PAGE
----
Adventure Design

Are Modern Bad Guys Broken? St. Cecilia’s Blasphemous Bordello

December 18, 2021

This month’s free adventure is St. Cecilia’s Blasphemous Bordello. It’s a creepy, investigative horror adventure set in the old west. But I’m going to use this adventure to talk about the problem with all modern-era big bads.

The problem is this. With magic and melee deemphasized, the toughest RPG boss can barely last a turn against the heroes. The moment modern heroes see the big bad boss, he’ll be gunned down in a hailstorm of bullets. This doesn’t exactly make for a dramatic ending.

Worse, this problem makes for a bad beginning, because if your villain is vulnerable to a few gun shots, it’s difficult to introduce him early. It’s likely he won’t even survive to final battle at the end.

This guy is ready to ruin your entire adventure…

(This problem does still exist in fantasy games. Lots of DMs have seen their end bosses go down with a few spells, but it’s generally much easier to avoid in low-tech games. Fantasy has protective spells, arrow ranges are limited, and armor can always withstand several blows.)

But in modern day adventures, the GM is a crazy person to present the big bad to the players before the finale.

This “sudden death” problem CAN be solved mechanically. A lot of Hit Points shields a boss from instant death. A narrative system might give the GM enough fortune chips, drama points, or whatever to have the boss avoid fire.

However, I’m not convinced that any mechanical solution is going to satisfy your players. It feels weird to shoot Hans Gruber with a dozen machine gun bursts before he goes down. Too many lucky breaks for your villain is going to start feeling “gamey” and break immersion.

So how do you prevent the Sudden Death issue in modern-era games?

  • Keep the Boss’s Villainy a Secret. This suggestion is simple. If your players don’t know he’s the boss, they won’t kill him. Insert your boss at the beginning of the adventure in some other role. He can still be a jerk, a megalomaniac, or whatever, but he should avoid doing anything overtly evil until he’s out of range. Mysterio in Spider-Man: Far From Home is a great example of this — he starts out an egotistical hero and then transforms into a maniac by the end. This approach lets your players get some roleplaying in with your villain before any kind of violent confrontation, making the boss feel more epic when they finally deal with him.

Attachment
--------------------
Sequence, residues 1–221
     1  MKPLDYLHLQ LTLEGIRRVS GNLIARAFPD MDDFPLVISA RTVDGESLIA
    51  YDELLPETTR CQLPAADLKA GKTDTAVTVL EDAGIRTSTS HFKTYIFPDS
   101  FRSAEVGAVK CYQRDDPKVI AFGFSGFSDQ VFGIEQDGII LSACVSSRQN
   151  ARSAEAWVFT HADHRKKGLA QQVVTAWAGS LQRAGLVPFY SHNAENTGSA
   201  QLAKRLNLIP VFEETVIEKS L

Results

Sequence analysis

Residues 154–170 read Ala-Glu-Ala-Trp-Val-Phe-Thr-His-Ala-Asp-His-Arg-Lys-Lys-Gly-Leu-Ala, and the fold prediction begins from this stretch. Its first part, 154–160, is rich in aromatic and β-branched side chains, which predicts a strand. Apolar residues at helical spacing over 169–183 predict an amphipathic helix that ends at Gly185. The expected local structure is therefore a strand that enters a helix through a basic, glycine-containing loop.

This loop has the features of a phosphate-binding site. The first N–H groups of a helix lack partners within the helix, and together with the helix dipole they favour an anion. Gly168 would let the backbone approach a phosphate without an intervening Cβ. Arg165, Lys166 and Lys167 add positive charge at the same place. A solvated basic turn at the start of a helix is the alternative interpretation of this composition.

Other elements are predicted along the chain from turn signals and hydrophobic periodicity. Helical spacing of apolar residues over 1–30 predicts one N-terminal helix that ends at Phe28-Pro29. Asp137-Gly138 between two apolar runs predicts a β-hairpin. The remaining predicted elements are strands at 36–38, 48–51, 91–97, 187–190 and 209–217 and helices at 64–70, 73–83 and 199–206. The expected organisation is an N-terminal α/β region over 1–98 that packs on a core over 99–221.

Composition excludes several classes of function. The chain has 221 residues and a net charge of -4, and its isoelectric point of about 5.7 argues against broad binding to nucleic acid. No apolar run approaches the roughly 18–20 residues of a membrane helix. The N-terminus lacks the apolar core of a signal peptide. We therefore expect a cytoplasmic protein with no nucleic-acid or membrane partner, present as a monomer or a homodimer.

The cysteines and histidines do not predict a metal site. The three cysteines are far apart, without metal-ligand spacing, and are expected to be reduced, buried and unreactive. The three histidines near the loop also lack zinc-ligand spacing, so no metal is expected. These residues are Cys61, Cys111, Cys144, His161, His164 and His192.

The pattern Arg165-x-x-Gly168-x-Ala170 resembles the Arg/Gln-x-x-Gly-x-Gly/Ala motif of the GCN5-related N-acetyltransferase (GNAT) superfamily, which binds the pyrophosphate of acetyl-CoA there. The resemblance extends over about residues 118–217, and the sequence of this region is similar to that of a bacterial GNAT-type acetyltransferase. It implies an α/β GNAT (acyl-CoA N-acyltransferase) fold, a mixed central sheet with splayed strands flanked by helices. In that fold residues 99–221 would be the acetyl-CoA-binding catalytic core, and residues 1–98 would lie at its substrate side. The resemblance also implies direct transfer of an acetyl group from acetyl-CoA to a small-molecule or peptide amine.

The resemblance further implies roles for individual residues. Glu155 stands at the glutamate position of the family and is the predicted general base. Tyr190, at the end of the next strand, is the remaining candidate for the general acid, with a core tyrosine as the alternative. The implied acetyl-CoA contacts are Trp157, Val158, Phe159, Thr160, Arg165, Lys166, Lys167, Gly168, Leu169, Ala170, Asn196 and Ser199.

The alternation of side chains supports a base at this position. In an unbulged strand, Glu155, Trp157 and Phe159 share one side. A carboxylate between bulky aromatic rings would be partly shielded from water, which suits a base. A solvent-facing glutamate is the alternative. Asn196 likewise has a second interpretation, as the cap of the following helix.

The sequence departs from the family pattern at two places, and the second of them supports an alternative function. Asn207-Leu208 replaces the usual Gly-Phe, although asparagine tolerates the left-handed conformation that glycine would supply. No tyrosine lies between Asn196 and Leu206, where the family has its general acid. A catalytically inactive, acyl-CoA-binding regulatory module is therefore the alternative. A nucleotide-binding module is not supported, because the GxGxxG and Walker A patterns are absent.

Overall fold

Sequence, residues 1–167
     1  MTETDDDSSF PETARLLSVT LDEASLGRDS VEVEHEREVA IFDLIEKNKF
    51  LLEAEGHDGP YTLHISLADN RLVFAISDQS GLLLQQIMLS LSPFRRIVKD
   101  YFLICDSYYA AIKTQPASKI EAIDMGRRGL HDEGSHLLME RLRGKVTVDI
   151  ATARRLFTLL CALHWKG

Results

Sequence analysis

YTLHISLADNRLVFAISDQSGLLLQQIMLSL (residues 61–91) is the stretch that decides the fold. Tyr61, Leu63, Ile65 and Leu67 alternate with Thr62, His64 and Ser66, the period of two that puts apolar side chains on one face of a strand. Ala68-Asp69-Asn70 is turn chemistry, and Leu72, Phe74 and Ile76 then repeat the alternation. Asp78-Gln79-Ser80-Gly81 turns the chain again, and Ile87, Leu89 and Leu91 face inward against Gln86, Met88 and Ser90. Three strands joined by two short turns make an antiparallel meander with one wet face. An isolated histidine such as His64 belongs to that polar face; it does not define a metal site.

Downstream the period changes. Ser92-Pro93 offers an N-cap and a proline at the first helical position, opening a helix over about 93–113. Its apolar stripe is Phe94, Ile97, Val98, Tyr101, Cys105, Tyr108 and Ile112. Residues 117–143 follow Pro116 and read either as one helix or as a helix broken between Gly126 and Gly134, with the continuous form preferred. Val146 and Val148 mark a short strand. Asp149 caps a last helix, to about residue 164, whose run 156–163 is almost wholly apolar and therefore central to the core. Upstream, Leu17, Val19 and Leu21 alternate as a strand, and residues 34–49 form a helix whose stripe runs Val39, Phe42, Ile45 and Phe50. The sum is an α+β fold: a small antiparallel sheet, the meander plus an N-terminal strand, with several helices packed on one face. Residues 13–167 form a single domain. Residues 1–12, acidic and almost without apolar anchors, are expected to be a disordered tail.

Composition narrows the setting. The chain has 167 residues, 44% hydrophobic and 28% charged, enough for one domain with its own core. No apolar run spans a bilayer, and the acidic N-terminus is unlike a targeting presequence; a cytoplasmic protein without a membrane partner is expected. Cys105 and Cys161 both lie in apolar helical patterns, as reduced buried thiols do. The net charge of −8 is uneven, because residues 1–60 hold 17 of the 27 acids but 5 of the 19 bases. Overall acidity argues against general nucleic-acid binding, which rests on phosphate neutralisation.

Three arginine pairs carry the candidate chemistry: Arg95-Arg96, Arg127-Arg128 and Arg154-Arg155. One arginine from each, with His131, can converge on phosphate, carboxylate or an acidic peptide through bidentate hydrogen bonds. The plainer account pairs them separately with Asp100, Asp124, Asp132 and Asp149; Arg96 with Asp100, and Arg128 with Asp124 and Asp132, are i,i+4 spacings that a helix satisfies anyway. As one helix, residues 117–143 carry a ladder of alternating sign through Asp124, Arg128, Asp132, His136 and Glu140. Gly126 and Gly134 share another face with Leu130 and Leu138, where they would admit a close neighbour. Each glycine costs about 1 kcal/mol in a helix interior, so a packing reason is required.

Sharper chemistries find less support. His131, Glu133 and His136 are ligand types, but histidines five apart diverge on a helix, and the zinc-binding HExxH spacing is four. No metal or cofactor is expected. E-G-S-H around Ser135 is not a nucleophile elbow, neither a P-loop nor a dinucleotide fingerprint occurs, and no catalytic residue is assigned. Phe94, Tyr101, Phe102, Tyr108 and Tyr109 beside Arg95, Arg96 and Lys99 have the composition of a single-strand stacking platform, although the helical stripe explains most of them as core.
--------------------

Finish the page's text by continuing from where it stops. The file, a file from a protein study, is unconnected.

• Don’t Make Your Boss Combat Effective. Players usually fight force with force. If they see your big bad is a brute in a tac-suit with a sniper rifle, they’re not going to spend much time talking to him. A villain who does horrible things but just looks like a scrawny guy is much more likely to get to interact with the PCs before they take him down. They may hesitate, giving your boss time to execute just one more plan…
  • The Boss is the Least of Their Problems. I’ve written before that I’m a big fan of plate-spinning. This is the technique of giving the players more problems to deal with that they can, and challenging them to figure out the optimal way of dealing with all of them. For example, the big bad may be standing in the street, his hands raised in surrender, but his goons are holding hostages, he has a bomb that’s about to blow up an apartment building across the street, and a mysterious helicopter suddenly appears out of nowhere heading towards the area. Even if the PCs decide to kill the villain quickly, this overall situation is going to make for a tough, memorable encounter.

St. Cecilia’s Blasphemous Bordello

St. Cecilia’s Blasphemous Bordello takes place in the old west, so it has a lot of the same problems as modern games. A Colt Army revolver is going to take someone out pretty fast. To help set up a better villains, I used some of these tricks.

In the adventure, the PCs discover that a dastardly villain — the Candleman — is behind some unusual attacks in town. I wanted the Candleman to be a creepy, but unassuming, regular guy. He’s dangerous, but I designed him to be in the background for most of the adventure. But I still wanted to have him live long enough to creep out the players with his occult activities.

The sinister Candleman

To help with this, when the PCs finally meet the Candleman, he’s not armed. He’s skinny, alone, unlikely to try to fight. When I ran this adventure, the PCs took the time to talk to him, threaten him, and question him before finally taking him out. But even though he’d only take a bullet or two to take down, the encounter with him was tense and creepy.

Next, I gave the GM lots of options for adding complexity to the adventure’s action-filled ending. No spoilers here, but the PCs conclude the adventure by fending off a dangerous, netherworld spirit. However, if they are well-prepared, it’s likely this final boss has the same problem as other modern-era bosses — one or two good shots can take him out.

To help with this Sudden Death problem, I gave the GM several options to add complexity to this encounter, in the event the PCs really are that organized. I provided options to add innocents into the mix, a surprise ambush, and other hazards to make sure that even if the final boss does go down in a few shots, the day isn’t won yet.

I had fun writing this adventure. Old west horror was the very first adventure genre I posted to this site, and it was a blast returning to a genre I’ve already covered.